Report of Clash Disputes China’s Account

The New York Times, 31 December 2011
By EDWARD WONG

BEIJING — The latest report about a confrontation on Wednesday in the far western region of Xinjiang appeared to contradict versions carried by the state media that suggested the police had killed “violent terrorists” on their way to jihad training.

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Women Killed, Children Captured In Standoff

RFA, 31 December 2011

Women and children were among a group of Uyghurs confronted by authorities while fleeing China.

New details emerging from China’s northwestern Xinjiang region indicate that at least two of seven ethnic Uyghurs killed in a confrontation with police were women, and that children as young as seven years old were among those detained following the violence.

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Rival claims over Xinjiang killings

The Standard, 30 December 2011

Beijing said a police operation to free hostages in the restive Xinjiang region left seven “terrorists” dead, but an exile group said the incident was the fallout of a desperate protest by local Uygurs.

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WUC Condemns “Terrorism” Allegations after Violent Incident in Hotan Prefecture

Press Release – For immediate release
29 December 2011
Contact:  World Uyghur Congress (WUC) www.uyghurcongress.org
0049 (0) 89 5432 1999 or contact@uyghurcongress.org

According to the state-controlled Xinhua news agency, on 28 December 2011 seven Uyghurs were shot dead in an alleged hostage rescue in Guma (Chinese: Pishan) county, Hotan Prefecture, East Turkestan, and four others were wounded and arrested. The Chinese authorities claimed a group of “violent terrorists” were responsible for the kidnapping of two people and immediately linked the kidnapping – in typical fashion – to “a surge in religious extremism.” So far, there have not been any independent witness accounts of the incident, and the WUC therefore calls on the international community to view the official account with caution.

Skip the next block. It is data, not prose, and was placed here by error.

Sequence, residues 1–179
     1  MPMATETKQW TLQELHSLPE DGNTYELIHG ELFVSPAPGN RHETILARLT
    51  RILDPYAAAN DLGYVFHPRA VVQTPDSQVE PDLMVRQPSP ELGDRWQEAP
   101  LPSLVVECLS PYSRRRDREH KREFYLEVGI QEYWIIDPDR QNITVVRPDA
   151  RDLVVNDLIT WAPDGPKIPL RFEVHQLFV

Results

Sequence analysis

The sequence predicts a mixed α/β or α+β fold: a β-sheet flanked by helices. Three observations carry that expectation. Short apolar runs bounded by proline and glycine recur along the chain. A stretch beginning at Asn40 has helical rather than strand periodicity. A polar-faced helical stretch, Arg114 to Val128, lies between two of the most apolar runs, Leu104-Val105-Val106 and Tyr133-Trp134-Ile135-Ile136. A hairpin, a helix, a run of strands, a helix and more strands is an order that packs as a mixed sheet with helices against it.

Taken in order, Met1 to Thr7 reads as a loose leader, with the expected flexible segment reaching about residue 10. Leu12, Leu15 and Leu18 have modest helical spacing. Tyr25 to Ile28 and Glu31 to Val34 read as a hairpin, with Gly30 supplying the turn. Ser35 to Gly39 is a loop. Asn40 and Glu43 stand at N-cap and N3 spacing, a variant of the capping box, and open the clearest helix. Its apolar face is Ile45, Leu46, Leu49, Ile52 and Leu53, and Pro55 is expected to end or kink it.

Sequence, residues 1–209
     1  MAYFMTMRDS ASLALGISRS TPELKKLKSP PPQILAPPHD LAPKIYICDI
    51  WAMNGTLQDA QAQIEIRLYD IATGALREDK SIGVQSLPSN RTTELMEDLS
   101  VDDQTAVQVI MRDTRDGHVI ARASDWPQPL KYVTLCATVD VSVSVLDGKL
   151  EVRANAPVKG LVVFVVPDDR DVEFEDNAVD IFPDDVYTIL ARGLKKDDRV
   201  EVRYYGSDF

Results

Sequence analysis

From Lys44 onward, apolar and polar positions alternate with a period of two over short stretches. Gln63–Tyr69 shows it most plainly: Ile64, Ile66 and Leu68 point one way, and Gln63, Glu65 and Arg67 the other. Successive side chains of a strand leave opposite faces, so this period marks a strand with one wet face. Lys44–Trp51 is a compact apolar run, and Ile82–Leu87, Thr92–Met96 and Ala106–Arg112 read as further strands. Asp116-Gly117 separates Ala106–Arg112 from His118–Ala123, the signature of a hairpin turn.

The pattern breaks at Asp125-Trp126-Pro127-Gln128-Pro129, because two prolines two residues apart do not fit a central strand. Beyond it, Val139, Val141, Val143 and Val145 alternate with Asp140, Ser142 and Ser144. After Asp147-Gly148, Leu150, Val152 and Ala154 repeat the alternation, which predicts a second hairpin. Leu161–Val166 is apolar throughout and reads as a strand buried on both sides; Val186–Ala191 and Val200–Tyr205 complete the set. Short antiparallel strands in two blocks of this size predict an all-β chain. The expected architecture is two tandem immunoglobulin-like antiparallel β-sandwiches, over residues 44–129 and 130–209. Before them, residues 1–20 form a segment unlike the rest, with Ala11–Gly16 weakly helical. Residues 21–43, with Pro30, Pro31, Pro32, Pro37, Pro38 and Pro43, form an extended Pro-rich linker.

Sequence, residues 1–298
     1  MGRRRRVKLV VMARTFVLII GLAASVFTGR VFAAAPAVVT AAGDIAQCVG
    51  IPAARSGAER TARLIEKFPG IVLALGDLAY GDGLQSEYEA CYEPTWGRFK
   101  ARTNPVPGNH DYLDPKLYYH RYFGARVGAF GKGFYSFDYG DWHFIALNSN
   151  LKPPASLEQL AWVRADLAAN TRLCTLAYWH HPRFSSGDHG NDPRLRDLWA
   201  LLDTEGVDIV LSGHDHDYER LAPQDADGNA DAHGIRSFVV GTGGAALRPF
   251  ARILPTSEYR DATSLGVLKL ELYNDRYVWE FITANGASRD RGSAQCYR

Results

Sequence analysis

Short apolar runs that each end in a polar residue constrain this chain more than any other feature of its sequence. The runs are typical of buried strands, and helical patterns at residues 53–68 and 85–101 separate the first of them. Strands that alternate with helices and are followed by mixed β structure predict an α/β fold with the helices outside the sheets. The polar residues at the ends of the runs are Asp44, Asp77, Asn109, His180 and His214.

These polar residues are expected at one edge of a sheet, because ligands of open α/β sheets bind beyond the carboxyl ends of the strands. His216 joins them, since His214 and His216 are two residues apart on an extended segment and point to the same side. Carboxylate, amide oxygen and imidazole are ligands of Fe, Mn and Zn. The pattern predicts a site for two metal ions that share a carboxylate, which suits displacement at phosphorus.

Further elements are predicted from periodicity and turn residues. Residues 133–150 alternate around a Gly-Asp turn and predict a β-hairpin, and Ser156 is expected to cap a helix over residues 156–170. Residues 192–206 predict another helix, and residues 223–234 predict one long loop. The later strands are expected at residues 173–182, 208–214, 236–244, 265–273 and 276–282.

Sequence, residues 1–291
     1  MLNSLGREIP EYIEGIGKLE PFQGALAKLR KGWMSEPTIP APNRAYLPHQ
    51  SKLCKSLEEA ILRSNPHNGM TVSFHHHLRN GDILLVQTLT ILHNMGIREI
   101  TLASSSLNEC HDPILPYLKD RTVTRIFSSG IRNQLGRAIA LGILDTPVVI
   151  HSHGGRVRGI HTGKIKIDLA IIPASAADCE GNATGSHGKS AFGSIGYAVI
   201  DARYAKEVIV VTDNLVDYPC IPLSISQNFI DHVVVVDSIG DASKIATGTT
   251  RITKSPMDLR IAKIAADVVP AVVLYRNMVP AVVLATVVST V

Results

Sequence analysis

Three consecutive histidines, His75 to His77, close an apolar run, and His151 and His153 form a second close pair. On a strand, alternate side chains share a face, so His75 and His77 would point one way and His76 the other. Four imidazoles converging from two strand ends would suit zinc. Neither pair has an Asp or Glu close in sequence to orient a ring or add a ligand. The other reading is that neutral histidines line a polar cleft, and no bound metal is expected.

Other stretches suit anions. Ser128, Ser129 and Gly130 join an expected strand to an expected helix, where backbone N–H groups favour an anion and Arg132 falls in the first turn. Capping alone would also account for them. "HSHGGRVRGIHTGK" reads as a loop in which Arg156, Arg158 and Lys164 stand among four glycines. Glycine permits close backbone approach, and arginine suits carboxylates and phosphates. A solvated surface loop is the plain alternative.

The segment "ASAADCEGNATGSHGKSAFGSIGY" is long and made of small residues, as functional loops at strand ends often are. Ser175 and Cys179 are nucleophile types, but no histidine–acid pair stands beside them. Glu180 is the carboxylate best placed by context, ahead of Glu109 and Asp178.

“This incident shows that Chinese government’s policy of arbitrary killing Uyghurs continues,” said WUC president Rebiya Kadeer on Thursday. “As in the past, Chinese security forces killed the alleged perpetrators and then announced that they were “terrorists”. These kinds of incidents happen all the time. We call on the international community to view the Chinese government’s account of the incident with caution. We call on the U.S., United Nations and European Union as well as the Organization of the Islamic Conference (OIC) to raise concern with Chinese officials over the arbitrary killings and the extreme repression being carried out in East Turkestan.”

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Police shoot 7 ‘terrorists’ to end kidnapping in China’s restive Central Asia border area

The Washington Post, 29 December 2011

BEIJING — Police in China’s restive Central Asia border area fatally shot seven members of a Muslim ethnic group in what officials said Thursday was an attempt to end a kidnapping by terrorists, but what a rights group said was excessive force.

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Seven ‘kidnappers’ killed in China’s Xinjiang

BBC News, 29 December 2011

Authorities in China’s restive Xinjiang region say seven kidnappers have been killed and two hostages rescued.

The deceased were believed to be part of a “terror gang”, state media said. Four others were wounded and arrested.

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China police kill seven hostage-takers in Xinjiang

AFP, 29 December 2011
By Marianne Barriaux

BEIJING — China said Thursday a police operation to free hostages in the restive Xinjiang region had left seven “terrorists” dead, but an exile group described the incident as a desperate protest by local Uighurs.

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Uyghurs shot to death in Guma County, amid intense state-led repression

For immediate release
December 29, 2011, 4:15 pm EST
Contact: Uyghur American Association +1 (202) 478 1920

The Uyghur American Association (UAA) is extremely concerned about the reported killings of seven Uyghurs on December 28 in Guma (Chinese: Pishan) County, which took place amid an official “strike hard” campaign in East Turkestan. UAA strongly protests Chinese authorities’ use of terrorist claims to justify the killings of these Uyghurs.

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